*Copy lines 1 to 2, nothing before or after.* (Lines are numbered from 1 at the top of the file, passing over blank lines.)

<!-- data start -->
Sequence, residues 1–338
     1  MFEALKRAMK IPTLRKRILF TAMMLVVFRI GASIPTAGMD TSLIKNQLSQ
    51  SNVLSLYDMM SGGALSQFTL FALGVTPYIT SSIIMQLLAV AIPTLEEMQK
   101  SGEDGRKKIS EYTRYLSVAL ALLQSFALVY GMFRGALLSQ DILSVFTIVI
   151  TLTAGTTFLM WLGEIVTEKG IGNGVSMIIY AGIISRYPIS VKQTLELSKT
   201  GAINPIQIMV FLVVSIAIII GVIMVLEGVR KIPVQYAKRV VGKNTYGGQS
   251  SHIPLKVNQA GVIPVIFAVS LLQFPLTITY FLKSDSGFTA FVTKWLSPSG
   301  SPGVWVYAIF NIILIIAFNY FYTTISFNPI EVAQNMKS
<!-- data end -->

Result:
Sequence, residues 1–338
     1  MFEALKRAMK IPTLRKRILF TAMMLVVFRI GASIPTAGMD TSLIKNQLSQ